What exactly does this look like, though? And what is this exercise that you’ve been patiently waiting to hear?
The Best Core Exercise: The Dead Bug
It’s something called the dead bug. This core exercise has been used in several studies aiming to improve core stability. Why? Because it seems to activate the transversus abdominus, along with the other core muscles the best.
Now, this exercise is what’s termed as an “anti-extension” exercise. This is where you brace your core and deep abdominal muscles to prevent your lower back from arching as you extend your arms and legs. Sounds simple enough, right? But many people struggle to execute this basic movement properly. And is the reason why many people can’t:
- Move their hips without tightening up their lower back muscles OR
- Raise their arms overhead without arching their lower back
…This can put your spine in a compromised position. Thus, creating inefficiencies when you perform your exercises. The dead bug helps address these issues by teaching you how to move at your extremities without compensating at your spine.
Some of you may have seen this exercise before or even tried it out. But I guarantee that you haven’t done it properly. And, more importantly, in a way that actually strengthens the transversus abdominis to the greatest degree. Because the main goal of this exercise is not to simply extend the arms and legs. Instead, it’s to isometrically brace and stabilize the core while moving at the extremities. But this version I’m showing here is a more advanced progression that when done properly will already be too difficult for most of you.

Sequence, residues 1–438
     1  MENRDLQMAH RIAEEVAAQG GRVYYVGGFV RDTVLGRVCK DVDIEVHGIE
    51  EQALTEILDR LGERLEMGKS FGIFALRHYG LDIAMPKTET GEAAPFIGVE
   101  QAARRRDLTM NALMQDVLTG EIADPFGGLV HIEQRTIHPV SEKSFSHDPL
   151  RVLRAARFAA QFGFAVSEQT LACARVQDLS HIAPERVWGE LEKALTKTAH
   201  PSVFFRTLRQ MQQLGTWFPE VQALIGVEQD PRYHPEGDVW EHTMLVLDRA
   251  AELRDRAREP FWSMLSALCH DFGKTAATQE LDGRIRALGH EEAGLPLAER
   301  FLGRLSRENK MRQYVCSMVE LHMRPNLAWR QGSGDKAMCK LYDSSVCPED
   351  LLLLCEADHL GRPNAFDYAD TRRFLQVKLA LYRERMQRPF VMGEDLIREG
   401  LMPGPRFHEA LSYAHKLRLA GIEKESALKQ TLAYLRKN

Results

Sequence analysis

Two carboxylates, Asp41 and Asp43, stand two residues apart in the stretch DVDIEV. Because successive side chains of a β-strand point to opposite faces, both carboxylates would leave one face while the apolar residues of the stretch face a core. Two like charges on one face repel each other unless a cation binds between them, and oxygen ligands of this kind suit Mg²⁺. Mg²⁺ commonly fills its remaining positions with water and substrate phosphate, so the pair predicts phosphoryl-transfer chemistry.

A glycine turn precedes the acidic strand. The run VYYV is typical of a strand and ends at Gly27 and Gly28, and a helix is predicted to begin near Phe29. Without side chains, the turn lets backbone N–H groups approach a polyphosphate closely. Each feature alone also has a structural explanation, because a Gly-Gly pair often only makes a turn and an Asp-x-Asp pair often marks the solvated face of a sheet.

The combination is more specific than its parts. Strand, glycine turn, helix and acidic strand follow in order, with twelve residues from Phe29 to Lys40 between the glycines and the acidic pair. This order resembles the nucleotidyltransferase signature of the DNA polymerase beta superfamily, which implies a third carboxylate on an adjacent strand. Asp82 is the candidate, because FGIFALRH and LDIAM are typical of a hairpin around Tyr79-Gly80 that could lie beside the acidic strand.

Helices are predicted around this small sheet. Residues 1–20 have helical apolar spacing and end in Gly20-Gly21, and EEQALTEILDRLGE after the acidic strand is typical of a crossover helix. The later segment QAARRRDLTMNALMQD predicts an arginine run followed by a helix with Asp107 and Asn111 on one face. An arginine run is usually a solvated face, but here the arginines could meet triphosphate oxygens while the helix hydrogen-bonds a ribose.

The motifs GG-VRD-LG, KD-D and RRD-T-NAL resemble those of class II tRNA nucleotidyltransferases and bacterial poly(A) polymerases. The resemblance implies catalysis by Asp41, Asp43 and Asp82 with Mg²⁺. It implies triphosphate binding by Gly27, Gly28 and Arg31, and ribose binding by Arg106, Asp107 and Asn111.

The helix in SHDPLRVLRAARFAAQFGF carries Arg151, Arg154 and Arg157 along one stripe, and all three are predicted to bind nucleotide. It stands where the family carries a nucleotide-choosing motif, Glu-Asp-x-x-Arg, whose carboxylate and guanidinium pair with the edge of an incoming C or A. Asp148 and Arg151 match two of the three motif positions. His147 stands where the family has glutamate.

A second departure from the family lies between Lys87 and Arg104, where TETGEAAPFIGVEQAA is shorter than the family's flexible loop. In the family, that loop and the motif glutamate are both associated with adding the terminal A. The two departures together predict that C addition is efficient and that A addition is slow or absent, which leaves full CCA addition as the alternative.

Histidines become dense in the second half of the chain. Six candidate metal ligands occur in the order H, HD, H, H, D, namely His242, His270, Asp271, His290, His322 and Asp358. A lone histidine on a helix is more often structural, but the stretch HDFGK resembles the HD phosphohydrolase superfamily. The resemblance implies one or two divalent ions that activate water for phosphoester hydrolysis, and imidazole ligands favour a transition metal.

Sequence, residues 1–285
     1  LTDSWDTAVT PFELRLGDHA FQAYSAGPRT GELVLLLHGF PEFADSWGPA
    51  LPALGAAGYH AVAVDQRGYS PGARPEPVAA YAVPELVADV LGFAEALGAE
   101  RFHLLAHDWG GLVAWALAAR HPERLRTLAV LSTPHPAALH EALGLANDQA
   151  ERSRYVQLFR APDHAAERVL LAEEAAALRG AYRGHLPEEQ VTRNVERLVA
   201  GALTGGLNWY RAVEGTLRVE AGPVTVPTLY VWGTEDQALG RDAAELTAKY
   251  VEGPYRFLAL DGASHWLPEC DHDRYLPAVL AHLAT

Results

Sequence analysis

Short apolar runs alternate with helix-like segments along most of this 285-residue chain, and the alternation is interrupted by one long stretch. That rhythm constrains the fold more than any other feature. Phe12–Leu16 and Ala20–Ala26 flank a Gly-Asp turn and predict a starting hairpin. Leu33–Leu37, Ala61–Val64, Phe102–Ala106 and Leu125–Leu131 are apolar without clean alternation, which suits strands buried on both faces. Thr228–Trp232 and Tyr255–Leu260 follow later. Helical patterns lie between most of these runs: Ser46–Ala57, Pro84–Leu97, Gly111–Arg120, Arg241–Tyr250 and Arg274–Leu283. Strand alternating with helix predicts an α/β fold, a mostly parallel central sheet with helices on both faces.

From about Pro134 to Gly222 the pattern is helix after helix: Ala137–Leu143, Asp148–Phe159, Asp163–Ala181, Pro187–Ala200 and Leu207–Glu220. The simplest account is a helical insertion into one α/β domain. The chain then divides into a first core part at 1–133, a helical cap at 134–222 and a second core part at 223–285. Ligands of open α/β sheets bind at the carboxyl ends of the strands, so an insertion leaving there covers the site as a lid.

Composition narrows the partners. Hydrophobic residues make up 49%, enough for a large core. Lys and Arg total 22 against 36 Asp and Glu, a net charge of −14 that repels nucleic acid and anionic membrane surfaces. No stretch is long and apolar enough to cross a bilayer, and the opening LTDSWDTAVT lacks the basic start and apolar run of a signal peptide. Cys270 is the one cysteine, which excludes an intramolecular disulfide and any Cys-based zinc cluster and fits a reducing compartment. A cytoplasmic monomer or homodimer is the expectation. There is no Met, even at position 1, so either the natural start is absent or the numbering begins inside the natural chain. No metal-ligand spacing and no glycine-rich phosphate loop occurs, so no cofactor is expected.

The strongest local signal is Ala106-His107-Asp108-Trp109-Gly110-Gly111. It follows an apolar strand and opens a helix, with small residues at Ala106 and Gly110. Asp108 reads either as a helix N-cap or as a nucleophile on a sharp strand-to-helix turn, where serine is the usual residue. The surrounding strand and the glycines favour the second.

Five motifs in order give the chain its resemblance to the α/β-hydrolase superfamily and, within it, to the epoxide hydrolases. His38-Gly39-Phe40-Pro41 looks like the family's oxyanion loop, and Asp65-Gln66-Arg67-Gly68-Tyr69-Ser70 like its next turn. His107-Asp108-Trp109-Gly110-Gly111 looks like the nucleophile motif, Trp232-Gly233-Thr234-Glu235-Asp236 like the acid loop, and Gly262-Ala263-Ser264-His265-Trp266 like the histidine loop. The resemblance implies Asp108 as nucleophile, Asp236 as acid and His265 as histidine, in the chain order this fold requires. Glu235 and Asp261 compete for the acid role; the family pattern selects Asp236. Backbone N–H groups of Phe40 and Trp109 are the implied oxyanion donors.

How To Do A Dead Bug
Beginner-Friendly Version Of The Dead Bug Exercise
To start, here’s what I want you to do. Simply lay on your back with your knees bent. Then, take a deep breath into your belly, followed by a deep breath out. When you’re near-maximal exhalation, draw your belly button into your spine to brace your core and flatten your lower back onto the ground.
You want to brace yourself as if someone were about to drop a ball on your stomach. This should create a feeling of firmness around your entire midsection and lower back. So, feel your stomach and your sides to make sure there’s tension there. If you don’t brace properly? You’ll only activate your rectus abdominis, or your “six pack”, instead which is what we want to avoid.